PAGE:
THE FATTIES AND THE AGED
By Jon Christian Ryter
November 2, 2005
Wal-Mart has decided, from a shareholder perspective, it can no longer afford to hire the elderly, the slowly aging, or the obese. In a 27-page memo written to Wal-Mart's board of directors by Susan Chambers, the company's Executive Vice President of Risk Management, Chambers outlined the plan—and the logic—for trimming (pardon the pun) obese workers from the payroll and, at the same time, eliminating full time or permanent part-time at-risk seniors who receive health benefits. Chambers also recommended to the board that Wal-Mart discourage mature, tenured employees from staying with the company by reducing the size and frequency of raises and any other related cost of living adjustments, and by scaling back on the amount of paid vacation a Wal-Mart associate would receive after 7-years. What Wal-Mart executives hope this move will do is cause longtime Wal-Mart associates—who are now viewed as a financial drag on the bottom line—to quit.
Wal-Mart is addressing, the Chambers memo cites, the need for the company to "...fully address those challenges...[with]...five bold steps that will require more explicit trade-offs between cost, Associate satisfaction and public reputation." Chambers noted that Wal-Mart's most pressing issue was healthcare "...because well-funded, well-organized critics..." (such as the Teamsters Union and advocacy groups like Wal-mart Watch) "...as well as state government officials are shining a bright light on Wal-Mart's offering."
Wal-Mart, in what they thought was a secret 27-page risk assessment, suggested that it might reduce healthcare costs by at least $1 billion per year by excluding much of the company's aging employee population from coverage by changing their employment status from full time to temporary, by offering them severance packages to get them to quit—or by simply finding an excuse to fire them.
To cut costs and increase shareholder profits Wal-mart will realign eligibility requirements by decreasing cross-subsidization of spouses and family members, and by lowering the amount of company-paid life insurance.
This will be done by not to providing healthcare to full time employees until they have worked 1,000 hours—about 6 months rather than the traditional 90 days—and excluding family coverage until the employee had worked 2,000 hours (roughly a year). Wal-Mart argued in the memo that by reducing the overall cost of healthcare—which now consumes 19% of sales—the company will actually be able to offer health insurance to more of its low-income currently ineligible part-time employees. Most of them, however, don't want the Wal-Mart benefits because [a] its too expensive and [b] it does not provide as much coverage as the taxpayer-funded Medicaid they currently receive because, at their income levels, they are still well below the poverty level. (So much for the myth that Wal-Mart employees are the highest paid in the retail industry.)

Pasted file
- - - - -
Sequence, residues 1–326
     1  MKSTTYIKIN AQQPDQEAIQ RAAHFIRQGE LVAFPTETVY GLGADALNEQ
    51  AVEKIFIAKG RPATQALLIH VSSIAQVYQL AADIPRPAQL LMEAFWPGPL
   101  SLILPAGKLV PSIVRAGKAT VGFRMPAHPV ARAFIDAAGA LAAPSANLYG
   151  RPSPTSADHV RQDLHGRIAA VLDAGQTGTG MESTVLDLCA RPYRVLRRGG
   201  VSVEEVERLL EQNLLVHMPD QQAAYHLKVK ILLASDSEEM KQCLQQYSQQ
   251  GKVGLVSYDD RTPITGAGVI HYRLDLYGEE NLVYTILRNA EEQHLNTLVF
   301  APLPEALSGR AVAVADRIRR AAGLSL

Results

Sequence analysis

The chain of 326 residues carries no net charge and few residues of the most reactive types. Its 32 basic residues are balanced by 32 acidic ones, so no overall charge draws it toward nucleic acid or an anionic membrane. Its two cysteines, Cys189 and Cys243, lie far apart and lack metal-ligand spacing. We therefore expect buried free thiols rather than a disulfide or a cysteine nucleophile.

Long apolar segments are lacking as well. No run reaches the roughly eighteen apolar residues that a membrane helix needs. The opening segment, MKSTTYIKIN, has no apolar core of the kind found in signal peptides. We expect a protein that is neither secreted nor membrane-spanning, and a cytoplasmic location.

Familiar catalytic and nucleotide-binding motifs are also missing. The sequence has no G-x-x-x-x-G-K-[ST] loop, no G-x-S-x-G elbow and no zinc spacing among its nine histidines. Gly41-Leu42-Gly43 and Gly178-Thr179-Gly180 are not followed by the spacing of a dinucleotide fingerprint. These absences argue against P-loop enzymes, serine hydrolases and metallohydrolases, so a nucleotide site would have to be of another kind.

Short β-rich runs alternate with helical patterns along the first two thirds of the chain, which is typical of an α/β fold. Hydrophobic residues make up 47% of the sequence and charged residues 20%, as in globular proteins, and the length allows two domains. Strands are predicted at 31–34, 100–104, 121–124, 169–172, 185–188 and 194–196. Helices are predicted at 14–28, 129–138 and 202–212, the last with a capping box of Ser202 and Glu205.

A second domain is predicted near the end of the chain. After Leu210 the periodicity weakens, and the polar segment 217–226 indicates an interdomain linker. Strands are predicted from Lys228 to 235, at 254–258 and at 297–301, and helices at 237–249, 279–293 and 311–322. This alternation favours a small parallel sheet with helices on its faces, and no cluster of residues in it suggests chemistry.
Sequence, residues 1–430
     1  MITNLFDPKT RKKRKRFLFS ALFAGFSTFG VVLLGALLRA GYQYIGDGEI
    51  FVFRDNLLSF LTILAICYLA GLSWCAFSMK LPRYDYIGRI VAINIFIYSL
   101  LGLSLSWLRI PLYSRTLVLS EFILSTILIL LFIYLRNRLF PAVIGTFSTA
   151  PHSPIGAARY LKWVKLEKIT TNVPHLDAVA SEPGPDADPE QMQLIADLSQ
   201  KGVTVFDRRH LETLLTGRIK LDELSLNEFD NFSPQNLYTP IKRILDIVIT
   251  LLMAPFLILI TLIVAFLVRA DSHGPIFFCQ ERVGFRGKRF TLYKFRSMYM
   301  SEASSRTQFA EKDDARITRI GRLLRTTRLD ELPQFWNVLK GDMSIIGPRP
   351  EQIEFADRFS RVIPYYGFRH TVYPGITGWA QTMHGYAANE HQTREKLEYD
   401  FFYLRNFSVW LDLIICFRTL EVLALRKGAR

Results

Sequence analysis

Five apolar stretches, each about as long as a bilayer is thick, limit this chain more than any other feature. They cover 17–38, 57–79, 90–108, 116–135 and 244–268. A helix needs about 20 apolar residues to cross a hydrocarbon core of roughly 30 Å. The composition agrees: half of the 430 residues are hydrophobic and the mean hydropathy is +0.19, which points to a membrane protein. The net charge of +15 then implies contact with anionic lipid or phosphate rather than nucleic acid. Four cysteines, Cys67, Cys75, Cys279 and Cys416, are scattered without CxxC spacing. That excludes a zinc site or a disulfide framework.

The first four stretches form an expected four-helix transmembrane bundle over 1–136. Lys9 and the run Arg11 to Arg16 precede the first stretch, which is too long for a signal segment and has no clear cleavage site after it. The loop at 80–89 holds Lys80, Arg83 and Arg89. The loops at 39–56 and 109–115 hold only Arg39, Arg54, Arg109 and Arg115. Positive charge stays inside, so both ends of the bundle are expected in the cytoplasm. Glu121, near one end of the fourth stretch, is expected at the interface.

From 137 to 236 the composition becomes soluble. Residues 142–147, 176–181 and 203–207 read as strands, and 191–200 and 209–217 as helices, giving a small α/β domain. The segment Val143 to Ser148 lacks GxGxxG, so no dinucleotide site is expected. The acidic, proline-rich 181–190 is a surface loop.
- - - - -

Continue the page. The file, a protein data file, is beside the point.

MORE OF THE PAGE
The long term strategy of Wal-Mart is to discourage mature citizens from applying for permanent full-time jobs in their stores. Most job applicants 45-years of age or older will find it hard to land a full-time job at Wal-Mart in the future. The company appears to be increasingly focused on recruiting younger workers who are less likely to get sick and run up large medical bills. Wal-mart appears singularly focused on finding young people who aren't thinking about the future and who are less inclined to make career commitments to Wal-Mart—and equally unconcerned about getting Wal-Mart to make career commitments to them.
Most young people go to Wal-Mart for their "starter-job"—the way they used to go to McDonald's ten years ago. They're looking for a paycheck to finance their first new car that Mom and Dad don't co-own, and not much else. Except perhaps the guys are hoping to date the cute young chick behind the jewelry counter, and the sweet young things in the "smile" smock are fascinated with the good-lookin' hunk in automotive. The local Wal-Mart store is increasingly a place where you might see employees celebrating a baby shower or a bridal shower—but seldom a retirement lunch.
The Chambers' memo contemplates changing a long-standing Sam Walton policy of hiring any US war veteran who has seen military action. The memo suggests that since veterans are more likely than non-veterans to need medical attention—and that those who are disabled will have a tougher time performing simple tasks like cart-gathering or working as a cashier—stores will operate more proficiently with younger, more agile employees. Chambers' musings about not hiring disabled war veterans or others with disabilities—which were nothing more than talking points for the company's board of directors to debate—would violate the Americans With Disability Act. (I expect the Wal-Mart board will reject that idea out-of-hand since the lawsuits and lost customers Wal-Mart would face by discriminating against disabled veterans would likely cost them far more than the lower job performance of the disabled.)